Duane was barely conscious, lying flat on his back for the first three days.
About 60 to 70 friends and relatives, many of them from the Holy Cross Catholic Church in Orlando where Duane and his family worshipped, filled the hospital waiting room as Duane recovered in critical care. Together, they prayed for Duane’s life.
He had survived the heart attack, but he faced yet another life-or-death hurdle. When Dr. Moin removed the Impella, a temporary heart assistance device, would Duane’s heart be able to take over pumping on its own?
The answer, fortunately, was yes. The fact that he was in such good physical shape probably saved his life, Duane said.
But Duane’s heart remained very weak.
For a man who had played sports and worked out his whole life, Duane found it difficult to comprehend that he was having trouble even walking.“ Just sitting up was a big deal,” he said.
After about a week in the hospital, Duane went home. Within a few weeks he started to do what he had done all of his adult life: exercise. He began by walking up and down Snead Street (named for the pro golfer Sam Snead) near his home in Orlando. For a guy who used to run marathons, he was surprised at how tired the short walks made him.
Within a week of leaving the hospital, he was back at his computer again, working part-time for Direct Media USA. A week later, he was back full-time.“ They didn’t want me to return to work so soon, but I knew I had a lot of work that needed to be done,” said Duane, who worked out of his home the first three weeks before returning to his office in downtown Orlando.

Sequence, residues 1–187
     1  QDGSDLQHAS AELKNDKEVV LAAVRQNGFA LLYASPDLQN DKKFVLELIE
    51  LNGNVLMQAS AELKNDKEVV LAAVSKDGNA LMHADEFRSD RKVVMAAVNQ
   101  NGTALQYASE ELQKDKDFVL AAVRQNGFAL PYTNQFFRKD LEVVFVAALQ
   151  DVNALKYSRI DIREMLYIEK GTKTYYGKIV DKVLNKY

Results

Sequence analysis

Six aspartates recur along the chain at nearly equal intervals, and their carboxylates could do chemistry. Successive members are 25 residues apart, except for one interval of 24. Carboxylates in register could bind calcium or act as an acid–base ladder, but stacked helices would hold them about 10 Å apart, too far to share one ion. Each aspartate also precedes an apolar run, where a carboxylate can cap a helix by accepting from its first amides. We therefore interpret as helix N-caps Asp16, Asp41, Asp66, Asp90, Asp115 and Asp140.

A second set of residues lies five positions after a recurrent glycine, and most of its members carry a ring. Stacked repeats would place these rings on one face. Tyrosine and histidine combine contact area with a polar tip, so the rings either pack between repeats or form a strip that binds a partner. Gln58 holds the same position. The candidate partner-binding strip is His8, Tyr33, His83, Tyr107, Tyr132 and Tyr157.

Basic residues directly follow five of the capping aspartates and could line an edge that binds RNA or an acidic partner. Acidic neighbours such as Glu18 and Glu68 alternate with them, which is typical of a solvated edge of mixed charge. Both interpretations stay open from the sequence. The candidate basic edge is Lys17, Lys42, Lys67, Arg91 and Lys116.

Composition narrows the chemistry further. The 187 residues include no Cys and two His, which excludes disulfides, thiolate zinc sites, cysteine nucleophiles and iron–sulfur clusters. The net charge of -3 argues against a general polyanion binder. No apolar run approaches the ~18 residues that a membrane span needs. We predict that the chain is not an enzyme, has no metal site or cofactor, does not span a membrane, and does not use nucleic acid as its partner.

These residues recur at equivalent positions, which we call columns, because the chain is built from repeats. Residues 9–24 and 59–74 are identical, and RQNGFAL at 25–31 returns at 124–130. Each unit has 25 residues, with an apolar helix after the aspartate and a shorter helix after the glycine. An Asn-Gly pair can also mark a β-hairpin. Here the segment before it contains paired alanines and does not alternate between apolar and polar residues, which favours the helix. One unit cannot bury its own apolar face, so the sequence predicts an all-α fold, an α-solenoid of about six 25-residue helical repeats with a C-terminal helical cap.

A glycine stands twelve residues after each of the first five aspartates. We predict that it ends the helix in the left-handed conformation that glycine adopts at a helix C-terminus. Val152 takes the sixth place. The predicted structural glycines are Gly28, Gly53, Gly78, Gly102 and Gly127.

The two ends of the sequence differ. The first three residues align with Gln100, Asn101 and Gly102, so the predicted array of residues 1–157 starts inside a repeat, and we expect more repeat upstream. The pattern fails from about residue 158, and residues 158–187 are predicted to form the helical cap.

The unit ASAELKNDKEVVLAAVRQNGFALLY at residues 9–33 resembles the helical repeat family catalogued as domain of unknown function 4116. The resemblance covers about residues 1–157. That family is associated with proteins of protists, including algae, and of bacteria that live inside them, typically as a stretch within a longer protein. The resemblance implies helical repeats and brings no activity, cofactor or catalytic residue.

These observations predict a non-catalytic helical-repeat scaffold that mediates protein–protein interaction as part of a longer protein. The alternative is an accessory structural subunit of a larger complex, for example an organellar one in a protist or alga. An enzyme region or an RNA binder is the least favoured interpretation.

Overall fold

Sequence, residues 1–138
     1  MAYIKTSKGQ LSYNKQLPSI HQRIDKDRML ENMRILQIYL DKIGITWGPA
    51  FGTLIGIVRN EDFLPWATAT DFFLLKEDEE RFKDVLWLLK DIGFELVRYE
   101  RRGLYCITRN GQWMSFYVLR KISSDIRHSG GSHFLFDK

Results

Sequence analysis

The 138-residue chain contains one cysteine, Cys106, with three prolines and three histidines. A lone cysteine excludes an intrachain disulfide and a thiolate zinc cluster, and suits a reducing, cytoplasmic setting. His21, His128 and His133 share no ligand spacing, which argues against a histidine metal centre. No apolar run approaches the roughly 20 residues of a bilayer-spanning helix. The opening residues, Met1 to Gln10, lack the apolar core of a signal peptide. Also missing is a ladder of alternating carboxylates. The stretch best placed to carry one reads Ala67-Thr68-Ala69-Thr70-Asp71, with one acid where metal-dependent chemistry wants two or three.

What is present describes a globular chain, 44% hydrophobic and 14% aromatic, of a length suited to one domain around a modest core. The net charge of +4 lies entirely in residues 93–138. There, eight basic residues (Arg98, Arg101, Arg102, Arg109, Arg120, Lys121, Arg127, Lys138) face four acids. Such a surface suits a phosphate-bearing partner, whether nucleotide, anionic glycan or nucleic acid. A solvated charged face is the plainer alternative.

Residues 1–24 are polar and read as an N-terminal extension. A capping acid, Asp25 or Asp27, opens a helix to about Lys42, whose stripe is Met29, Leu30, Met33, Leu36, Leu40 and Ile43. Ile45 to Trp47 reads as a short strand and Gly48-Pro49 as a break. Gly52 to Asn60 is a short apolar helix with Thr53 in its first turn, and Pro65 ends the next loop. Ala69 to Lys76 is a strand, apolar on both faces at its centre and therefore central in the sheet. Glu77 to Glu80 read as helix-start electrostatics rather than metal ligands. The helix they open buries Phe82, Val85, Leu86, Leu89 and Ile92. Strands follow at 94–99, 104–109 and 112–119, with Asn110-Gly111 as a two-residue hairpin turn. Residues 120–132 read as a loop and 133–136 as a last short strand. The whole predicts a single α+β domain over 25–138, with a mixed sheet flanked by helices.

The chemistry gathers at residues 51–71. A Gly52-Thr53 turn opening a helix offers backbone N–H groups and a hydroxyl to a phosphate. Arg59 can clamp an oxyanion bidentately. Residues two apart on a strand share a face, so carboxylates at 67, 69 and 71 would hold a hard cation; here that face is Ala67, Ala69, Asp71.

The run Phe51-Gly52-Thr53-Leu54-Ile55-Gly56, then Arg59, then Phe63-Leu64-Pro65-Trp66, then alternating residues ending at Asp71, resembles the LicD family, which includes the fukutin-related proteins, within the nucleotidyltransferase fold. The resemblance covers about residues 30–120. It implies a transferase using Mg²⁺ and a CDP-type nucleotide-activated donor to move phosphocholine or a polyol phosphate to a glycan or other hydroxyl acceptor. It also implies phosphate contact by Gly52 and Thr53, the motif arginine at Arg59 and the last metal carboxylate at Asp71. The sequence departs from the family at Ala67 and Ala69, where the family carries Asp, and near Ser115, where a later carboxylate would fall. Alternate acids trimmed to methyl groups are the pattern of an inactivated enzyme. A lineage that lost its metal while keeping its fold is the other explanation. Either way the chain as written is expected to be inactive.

Through cardiac rehabilitation, in which his heart is carefully monitored during exercise, he began to rebuild his fitness, little by little. He took 36 rehab classes – three per week over 12 weeks.
But his heart didn’t return to its former strength as doctors had hoped.
One measure of the strength of Duane’s heart is its ejection fraction as shown by a test called an echocardiogram. For a normal heart, the ejection fraction is about 60 to 65 percent. Duane’s ejection fraction was barely half of that, meaning that Duane’s left ventricle was pumping out only one-half the blood that a normal heart pumps with each beat. His doctors had hoped Duane’s ejection fraction would recover to at least 40 percent, but by August it had not – it was still at about 35 percent.
Duane’s doctors decided he needed back up in case his heart started to beat chaotically or too fast. They placed an implantable cardiac defibrillator (ICD) under his skin. Connected by a wire to his heart, the battery-powered device would deliver an electric shock to restore a normal heartbeat if Duane’s heart starts beating erratically.
As a result, Duane is careful not to allow his heartbeat to get too high: he doesn’t want to strain his heart or be shocked by his ICD.